COVID-19 outbreaks ongoing in LAFD stations; cases jump among LAPD officers
Amid low vaccination rates, COVID-19 cases continuing to hit police and fire department facilities
As support for vaccine mandates grows, Editorial Director Greg Friese poses the question, "What’s next for vaccine resisters?"
Daily News, Los Angeles
LOS ANGELES — New cases of COVID-19 among Los Angeles Police Department employees nearly doubled over the last week, causing concern among officials who are trying to make it as easy as possible for officers to get access to vaccine doses.
LAPD Chief Michel Moore in Tuesday's Police Commission meeting said there were 84 new cases in the department. The week before, there were 45 new cases.
Moore said the largest number of those new cases, 26, were in LAPD's Central Division, which covers some of the densest areas of the city, like Downtown L.A., Hollywood and Koreatown.
"This is a substantial increase from last week's numbers," Moore said. "And Central area is our hotspot."
The department says 2,977 employees have tested positive for COVID-19 since the start of the pandemic.
The jump in the numbers comes months after vaccines for COVID-19 were made available to Los Angeles police officers. The vaccination rate among officers and civilian employees of the department remains significantly lower than the adult population of the communities they serve: LAPD's overall vaccination rate has been stuck at around 52% since June.
The vaccination rate for the city of Los Angeles is just under 70% for adults, according to L.A. County data.
The continued surge in cases also comes as the department rolls out a vaccination clinic program targeting each of its stations. The department had not provided a list of stations where the mobile clinics were currently available as of 2 p.m. Tuesday, though police commissioners at their meeting noted some clinics were up and running in the San Fernando Valley.
Moore announced the program bringing mobile clinics to all of the department's stations weeks ago at around the same time that the City Council was debating a vaccination mandate for public employees.
The council voted last week to require all employees to show proof they've been vaccinated by October. Only employees with legitimate religious or medical reasons would be exempt from the mandate.
The city's mandate goes beyond a similar California state program requiring its employees, as well as health care workers and teachers, get vaccinated or submit to weekly testing. No such testing option will be available to L.A. employees who want to skip their vaccine shots under the ordinance as written. The rules still need Mayor Eric Garcetti's signature to become official.
Commanders of both LAPD and the Los Angeles Fire Department have struggled since January to rapidly get their employees vaccinated. Recent LAFD numbers also show around 50% of its firefighters have gotten vaccinated. City statistics show that as of Friday, LAFD has seen 1,034 employees test positive during the outbreak.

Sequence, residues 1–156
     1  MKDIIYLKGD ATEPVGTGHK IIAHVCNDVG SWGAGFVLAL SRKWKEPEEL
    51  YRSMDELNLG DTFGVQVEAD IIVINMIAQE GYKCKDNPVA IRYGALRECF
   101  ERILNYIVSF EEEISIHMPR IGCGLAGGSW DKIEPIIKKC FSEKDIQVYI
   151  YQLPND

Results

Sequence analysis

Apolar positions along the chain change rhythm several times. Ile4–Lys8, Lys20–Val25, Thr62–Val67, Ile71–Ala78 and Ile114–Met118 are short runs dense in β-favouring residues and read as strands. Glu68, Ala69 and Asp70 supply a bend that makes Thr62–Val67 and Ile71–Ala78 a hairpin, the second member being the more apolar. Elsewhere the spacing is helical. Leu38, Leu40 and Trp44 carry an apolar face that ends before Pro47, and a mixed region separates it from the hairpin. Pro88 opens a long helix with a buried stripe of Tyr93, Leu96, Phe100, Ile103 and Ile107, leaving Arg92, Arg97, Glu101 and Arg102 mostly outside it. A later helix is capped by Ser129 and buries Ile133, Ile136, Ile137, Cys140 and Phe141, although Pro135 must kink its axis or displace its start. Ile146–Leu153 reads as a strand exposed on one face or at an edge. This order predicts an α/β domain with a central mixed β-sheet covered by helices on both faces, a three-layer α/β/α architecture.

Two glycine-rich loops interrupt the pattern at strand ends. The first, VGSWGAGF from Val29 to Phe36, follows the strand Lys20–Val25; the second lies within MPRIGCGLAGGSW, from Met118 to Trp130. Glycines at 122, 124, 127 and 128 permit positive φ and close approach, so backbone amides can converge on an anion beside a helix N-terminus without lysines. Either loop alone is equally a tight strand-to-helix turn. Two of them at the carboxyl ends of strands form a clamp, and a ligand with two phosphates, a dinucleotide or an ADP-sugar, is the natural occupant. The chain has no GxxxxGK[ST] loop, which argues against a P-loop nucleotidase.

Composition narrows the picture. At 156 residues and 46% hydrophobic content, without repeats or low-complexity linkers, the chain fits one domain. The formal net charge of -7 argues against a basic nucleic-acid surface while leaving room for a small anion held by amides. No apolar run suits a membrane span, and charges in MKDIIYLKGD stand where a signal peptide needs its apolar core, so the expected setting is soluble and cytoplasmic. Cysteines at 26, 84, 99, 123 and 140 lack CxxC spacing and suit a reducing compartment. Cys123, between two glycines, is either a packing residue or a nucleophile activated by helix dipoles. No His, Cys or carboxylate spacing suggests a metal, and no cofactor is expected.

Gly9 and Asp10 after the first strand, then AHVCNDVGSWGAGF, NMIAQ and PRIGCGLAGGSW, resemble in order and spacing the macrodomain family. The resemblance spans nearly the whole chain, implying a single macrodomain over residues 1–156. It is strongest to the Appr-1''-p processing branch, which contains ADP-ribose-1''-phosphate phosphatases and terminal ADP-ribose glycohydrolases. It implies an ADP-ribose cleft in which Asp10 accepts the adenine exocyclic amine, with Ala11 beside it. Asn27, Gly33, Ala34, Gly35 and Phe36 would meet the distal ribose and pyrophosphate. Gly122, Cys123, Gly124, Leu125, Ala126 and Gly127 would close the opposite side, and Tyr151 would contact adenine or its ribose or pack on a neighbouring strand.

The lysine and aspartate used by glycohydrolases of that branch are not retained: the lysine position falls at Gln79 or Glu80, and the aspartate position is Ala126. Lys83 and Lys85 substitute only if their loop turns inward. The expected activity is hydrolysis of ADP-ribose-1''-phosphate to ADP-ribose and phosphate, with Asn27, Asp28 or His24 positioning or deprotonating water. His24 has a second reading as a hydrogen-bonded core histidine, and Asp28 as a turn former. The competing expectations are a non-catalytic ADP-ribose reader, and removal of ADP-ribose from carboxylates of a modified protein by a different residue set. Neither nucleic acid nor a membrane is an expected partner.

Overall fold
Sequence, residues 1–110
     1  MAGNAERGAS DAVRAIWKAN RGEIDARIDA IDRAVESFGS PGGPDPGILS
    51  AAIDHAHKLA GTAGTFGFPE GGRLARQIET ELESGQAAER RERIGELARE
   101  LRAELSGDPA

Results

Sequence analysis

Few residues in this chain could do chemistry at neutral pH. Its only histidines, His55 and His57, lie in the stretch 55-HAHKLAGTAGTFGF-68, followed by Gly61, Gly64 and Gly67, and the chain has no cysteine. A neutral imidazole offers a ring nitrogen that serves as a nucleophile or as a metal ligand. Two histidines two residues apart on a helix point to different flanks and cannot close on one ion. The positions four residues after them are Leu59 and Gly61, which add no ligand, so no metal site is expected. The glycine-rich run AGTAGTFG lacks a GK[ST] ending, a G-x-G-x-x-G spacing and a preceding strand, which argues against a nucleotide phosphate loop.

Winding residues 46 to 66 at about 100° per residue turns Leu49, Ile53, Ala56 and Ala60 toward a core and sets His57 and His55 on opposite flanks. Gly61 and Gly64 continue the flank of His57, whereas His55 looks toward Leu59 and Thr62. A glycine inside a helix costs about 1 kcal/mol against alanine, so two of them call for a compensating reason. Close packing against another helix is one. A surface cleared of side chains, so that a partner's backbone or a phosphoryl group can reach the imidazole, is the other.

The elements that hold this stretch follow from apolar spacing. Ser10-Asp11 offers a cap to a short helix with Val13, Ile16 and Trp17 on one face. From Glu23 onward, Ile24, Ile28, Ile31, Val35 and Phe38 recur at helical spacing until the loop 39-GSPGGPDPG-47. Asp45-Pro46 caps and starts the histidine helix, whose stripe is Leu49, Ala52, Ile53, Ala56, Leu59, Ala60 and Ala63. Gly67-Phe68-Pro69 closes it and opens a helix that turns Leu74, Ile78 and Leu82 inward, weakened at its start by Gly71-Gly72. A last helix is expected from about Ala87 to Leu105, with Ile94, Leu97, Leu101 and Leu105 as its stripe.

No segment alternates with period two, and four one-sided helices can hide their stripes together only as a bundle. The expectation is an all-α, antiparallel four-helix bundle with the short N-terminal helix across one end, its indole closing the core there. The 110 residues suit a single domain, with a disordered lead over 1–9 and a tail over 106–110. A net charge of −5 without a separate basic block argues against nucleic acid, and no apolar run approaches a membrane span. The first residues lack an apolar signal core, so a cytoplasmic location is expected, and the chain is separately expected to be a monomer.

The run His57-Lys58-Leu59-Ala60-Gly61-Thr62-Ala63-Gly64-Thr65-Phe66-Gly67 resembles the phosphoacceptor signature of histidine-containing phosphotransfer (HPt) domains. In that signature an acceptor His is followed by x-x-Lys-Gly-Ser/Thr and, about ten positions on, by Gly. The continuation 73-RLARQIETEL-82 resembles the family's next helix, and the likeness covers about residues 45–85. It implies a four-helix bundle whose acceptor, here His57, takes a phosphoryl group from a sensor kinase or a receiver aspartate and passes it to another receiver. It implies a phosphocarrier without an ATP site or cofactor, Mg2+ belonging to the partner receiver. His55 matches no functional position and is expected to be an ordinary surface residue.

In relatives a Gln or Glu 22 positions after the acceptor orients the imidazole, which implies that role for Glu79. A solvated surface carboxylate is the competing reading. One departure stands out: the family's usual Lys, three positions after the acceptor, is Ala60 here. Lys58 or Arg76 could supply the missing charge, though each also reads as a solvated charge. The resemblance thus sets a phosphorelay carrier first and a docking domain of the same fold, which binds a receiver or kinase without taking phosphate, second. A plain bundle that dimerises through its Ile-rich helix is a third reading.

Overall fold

The low vaccination rate has meant COVID-19 cases continuing to rip through both police and fire department facilities. The county's coronavirus tracker Tuesday showed several stations were outbreak locations: At LAPD's Rampart Station, seven employees recently tested positive. Another nine employees tested positive at LAPD's West Valley Station.
At least four LAFD stations as of Tuesday were undergoing COVID-19 outbreaks.
Moore said he was hopeful that a mandate would mean more of his employees would opt to get vaccinated soon. He said officers and employees working in LAPD's jails are already being told they're required to get vaccinated, per state rules.
What discipline could result from officers refusing to get vaccinated has not been determined yet — the chief said he and other delegates from the department would meet next week with the Los Angeles Police Protective League, the largest union representing LAPD's rank-and-file officers, to start talking about a deal.
Moore has blamed misinformation and conspiracy theories about vaccines for the hesitancy among a large number of his officers. He said some officers mistakenly believe that having gotten COVID-19 already, they don't need to be vaccinated. He said some still believe the vaccines are not safe, despite Pfizer's COVID-19 vaccine recently receiving Food and Drug Administration approval.
The department has tried to counter misinformation about vaccines with its own messaging. Apparently responding to reports that officers continue to be seen not wearing masks in the field, Moore in his weekly chief's message reiterated the department's requirement. And he said LAPD created a video of COVID-19 survivors and families of officers who died from the virus imploring employees to get vaccinated.
Among those who got COVID-19 recently were some who were already vaccinated — however, both studies and anecdotes have shown vaccines greatly increase the odds of surviving the virus. Moore said one officer with pre-existing health conditions who got COVID-19 despite being vaccinated credited the vaccine with him still being alive.
The video featured the wife of one officer who died of COVID-19. Even after his death, she was still hesitant to get vaccinated. She said her children convinced her, telling her they didn't want to lose another parent.
"We've seen the impact of misinformation and disinformation," Moore said. "These campaigns are impacting our communities, and our department."
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